LC-assisted Methods

Sometimes qualitative analysis of polyphenols is simple and typically the use of LC-assisted methods really simplifies the life of a phytochemist

LC assisted methodsSome 25 years ago the life of a phytochemist was much more complicated than nowadays. Back then it was relatively rare to find LC-MS instruments in the lab and this meant that all the individual polyphenols needed to be first purified and only after that inspected for their MS spectra. This situation really slowed down the typical polyphenol identification processes, since even known compounds were accidentally isolated as their identities could not be verified before the isolation process by the use of LC-DAD instruments alone.

Today LC-assisted methods typically mean the utilization of both diode array (LC-DAD) and mass spectrometry (LC-MS) detectors. In fact, for polyphenol researcher it is not recommended to use LC instruments with UV detectors only as these cannot record the very informative UV spectra of polyphenols. Instead, LC is typically connected to both DAD and MS to simultaneously obtain UV and MS information of all the compounds that are first separated by chromatographic methods. The information thus gained should be sufficient to declare whether any of the detected compounds need to be purified for further inspection by e.g. CD and NMR. Here a wide knowledge of UV and MS spectra of polyphenols does not harm, since it makes no sense to reinvent the wheel and isolate a compound that we already know.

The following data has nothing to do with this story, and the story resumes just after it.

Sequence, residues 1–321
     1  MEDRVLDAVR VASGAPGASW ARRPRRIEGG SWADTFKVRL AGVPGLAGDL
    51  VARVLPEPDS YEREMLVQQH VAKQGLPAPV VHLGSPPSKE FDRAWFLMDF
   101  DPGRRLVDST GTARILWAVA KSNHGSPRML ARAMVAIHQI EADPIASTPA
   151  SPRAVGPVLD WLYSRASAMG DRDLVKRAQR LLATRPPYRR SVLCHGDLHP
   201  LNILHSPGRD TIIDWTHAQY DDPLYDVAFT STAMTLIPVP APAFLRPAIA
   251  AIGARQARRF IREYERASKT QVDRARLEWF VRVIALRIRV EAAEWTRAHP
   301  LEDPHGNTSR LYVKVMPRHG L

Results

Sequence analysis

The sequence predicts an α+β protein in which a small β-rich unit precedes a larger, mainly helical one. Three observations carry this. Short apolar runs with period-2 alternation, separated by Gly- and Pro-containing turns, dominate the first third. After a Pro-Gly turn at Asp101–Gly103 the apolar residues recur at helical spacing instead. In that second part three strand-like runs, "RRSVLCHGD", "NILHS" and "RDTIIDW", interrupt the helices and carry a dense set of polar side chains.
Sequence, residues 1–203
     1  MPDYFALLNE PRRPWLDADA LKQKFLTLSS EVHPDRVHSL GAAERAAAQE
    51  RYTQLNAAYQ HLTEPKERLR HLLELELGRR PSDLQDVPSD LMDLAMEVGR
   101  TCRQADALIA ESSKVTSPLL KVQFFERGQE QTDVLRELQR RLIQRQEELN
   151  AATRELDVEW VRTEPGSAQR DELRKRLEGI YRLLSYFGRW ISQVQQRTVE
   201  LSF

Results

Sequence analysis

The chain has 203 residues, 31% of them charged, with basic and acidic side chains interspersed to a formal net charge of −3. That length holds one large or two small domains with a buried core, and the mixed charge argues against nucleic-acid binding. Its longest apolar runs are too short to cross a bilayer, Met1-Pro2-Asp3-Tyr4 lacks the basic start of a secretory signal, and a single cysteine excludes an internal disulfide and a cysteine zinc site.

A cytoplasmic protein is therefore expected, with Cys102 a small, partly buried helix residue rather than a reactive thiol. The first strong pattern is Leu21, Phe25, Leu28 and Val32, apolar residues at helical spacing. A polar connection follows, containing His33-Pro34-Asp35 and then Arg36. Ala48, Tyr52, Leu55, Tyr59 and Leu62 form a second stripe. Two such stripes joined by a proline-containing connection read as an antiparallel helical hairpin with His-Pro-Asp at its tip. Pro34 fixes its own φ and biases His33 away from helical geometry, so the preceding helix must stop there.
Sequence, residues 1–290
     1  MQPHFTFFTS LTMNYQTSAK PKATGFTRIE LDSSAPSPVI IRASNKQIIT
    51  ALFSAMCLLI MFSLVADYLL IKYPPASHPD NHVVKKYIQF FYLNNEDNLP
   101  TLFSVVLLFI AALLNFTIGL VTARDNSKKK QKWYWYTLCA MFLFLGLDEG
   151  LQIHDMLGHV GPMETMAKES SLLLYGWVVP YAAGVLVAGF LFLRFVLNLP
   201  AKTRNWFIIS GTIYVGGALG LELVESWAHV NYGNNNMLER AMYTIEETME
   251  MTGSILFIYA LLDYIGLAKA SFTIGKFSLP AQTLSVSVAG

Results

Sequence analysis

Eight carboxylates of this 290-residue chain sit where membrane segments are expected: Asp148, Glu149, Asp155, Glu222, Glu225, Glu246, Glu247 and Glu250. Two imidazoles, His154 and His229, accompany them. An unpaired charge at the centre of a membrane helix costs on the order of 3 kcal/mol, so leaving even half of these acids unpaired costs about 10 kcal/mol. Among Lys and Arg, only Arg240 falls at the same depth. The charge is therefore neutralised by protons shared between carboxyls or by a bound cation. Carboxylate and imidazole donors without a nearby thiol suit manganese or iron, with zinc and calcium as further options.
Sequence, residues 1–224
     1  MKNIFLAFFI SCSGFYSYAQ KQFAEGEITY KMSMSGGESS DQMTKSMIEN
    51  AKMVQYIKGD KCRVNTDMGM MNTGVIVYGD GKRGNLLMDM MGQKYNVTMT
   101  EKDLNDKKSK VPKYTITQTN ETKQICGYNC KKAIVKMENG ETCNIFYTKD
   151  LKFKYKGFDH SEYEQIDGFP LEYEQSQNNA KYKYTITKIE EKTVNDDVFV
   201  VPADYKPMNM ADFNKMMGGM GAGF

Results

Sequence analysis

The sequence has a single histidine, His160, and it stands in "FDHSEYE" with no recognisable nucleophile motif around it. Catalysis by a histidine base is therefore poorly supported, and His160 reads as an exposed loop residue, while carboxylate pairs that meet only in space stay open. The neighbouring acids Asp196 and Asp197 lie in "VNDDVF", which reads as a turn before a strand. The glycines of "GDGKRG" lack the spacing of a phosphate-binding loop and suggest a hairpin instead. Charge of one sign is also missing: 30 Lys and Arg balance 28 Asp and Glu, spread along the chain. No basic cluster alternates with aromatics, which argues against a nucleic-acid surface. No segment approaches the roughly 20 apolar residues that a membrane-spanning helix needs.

Some years ago the hyphenated combination of LC with NMR was under a lot of positive discussion as it might further decrease the need for time-consuming purification of polyphenols. However, these LC-NMR approaches have not quite yet reached such a routine operation limits as e.g. LC-MS that is currently considered almost a standard tool of any phytochemical laboratory.

Of the LC methods it is clear that modern UPLC (or UHPLC) instruments clearly are more efficient than the standard HPLC’s, although some HPLC manufacturers have developed their instruments to be able to handle column pressures up to 600 bar range. UPLC is able to operate at 1000-1200 bar range and this enables the use of new column chemistries with very narrow particle sizes down to 1.7 µm.